26-Jul-2013 23:17, Walter Bright пишет:
On 7/26/2013 5:11 AM, Dmitry Olshansky wrote:
26-Jul-2013 14:47, Dmitry Olshansky пишет:
26-Jul-2013 01:25, Walter Bright пишет:
The slowness was in the frackin' "convert the hash to an index in the
bucket", which is a modulus operation.
Then it's past due to finally stop the madness of modulo prime table and
use a power of 2 size. In essence what modulo prime does is simply
enhancing the quality of your hash function w.r.t. collisions (it helps
to distribute values more evenly).
Any of new decent hashes are good enough to work with plain slice the
lower bits approach.
To be more concrete:
http://burtleburtle.net/bob/hash/spooky.html (Public domain)
http://home.comcast.net/~bretm/hash/10.html (Published paper)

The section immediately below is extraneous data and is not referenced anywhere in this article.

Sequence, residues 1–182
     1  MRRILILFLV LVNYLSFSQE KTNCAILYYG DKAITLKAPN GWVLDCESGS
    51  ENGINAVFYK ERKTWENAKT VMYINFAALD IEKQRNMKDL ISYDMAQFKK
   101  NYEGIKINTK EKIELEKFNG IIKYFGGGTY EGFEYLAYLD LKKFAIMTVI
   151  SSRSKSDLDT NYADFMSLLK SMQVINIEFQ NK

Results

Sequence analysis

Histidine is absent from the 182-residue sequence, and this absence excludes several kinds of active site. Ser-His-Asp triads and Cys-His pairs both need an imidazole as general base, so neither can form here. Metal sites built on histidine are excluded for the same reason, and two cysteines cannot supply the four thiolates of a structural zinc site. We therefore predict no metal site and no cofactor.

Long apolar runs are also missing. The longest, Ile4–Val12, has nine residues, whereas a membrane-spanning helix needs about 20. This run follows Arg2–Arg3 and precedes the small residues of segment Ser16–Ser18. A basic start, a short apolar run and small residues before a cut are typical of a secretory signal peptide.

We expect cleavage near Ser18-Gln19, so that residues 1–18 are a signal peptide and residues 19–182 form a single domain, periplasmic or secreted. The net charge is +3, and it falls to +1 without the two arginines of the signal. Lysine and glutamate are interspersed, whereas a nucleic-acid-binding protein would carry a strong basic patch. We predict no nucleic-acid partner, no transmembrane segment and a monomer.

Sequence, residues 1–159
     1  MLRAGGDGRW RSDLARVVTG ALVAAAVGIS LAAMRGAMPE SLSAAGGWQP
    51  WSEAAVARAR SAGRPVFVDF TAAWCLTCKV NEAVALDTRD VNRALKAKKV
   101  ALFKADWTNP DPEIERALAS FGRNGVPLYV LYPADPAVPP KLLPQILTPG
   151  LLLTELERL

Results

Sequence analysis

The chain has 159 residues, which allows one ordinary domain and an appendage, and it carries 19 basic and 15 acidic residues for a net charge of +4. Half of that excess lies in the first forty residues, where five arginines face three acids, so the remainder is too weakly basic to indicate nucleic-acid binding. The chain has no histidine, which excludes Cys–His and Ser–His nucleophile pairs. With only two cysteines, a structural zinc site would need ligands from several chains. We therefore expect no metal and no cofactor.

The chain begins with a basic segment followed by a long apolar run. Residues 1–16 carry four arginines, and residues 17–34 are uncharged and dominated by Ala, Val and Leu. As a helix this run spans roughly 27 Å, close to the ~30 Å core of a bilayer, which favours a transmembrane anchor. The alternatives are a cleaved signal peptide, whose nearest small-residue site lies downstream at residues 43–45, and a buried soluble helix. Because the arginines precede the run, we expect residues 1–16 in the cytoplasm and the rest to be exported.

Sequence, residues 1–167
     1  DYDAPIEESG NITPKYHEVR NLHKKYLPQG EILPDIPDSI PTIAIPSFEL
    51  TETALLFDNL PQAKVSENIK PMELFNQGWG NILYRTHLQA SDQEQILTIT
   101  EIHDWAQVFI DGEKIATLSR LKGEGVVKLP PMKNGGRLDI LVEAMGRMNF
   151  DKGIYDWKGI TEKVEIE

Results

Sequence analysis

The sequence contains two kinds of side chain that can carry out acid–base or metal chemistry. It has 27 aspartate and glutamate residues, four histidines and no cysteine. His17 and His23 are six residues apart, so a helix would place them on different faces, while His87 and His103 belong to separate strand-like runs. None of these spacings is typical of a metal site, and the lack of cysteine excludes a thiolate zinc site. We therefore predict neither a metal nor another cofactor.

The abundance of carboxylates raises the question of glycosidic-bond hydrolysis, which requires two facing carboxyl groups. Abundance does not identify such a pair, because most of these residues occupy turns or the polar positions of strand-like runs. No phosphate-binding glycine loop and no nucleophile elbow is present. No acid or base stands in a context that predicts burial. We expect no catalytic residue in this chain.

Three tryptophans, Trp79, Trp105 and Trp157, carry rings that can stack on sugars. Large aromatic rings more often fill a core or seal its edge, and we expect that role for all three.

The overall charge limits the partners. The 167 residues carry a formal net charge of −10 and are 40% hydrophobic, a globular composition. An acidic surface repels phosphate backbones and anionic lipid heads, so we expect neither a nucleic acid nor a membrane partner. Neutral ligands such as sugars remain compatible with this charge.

Or even a good ol' FNV (Public domain)
How about a pull request so we can try it out?
Preliminary pull is here:
So far it looses a bit. I'm still playing with it, looking at load
factor, distribution of sizes, profiling.
So far observations are that SpookyHash is slower then the one that was
there thus stealing a few percents of speed. That is then hardly
regained by a faster lookup of a slot:
almost all of "large" tables were 31 in size and you have special case
for that anyway.
What bothers me is that while I've been hacking at this I couldn't shake
off the feeling that AA code assumes NO FULL HASH COLLISIONS at all?
Isn't that betting on luck (and a crude hash) a little too much (esp in
32 bit mode)?
That is e.g. in code pasted from aav.c Key is only a hash and there is
no way whatsoever to discern a full hash collision.
Value _aaGetRvalue(AA* aa, Key key)
//printf("_aaGetRvalue(key = %p)\n", key);
size_t len = aa->b_length;
if (len == 4)
i = (size_t)key & 3;
else if (len == 31)
i = (size_t)key % 31;
i = (size_t)key % len;
aaA* e = aa->b[i];
if (key == e->key)
e = e->next;
return NULL; // not found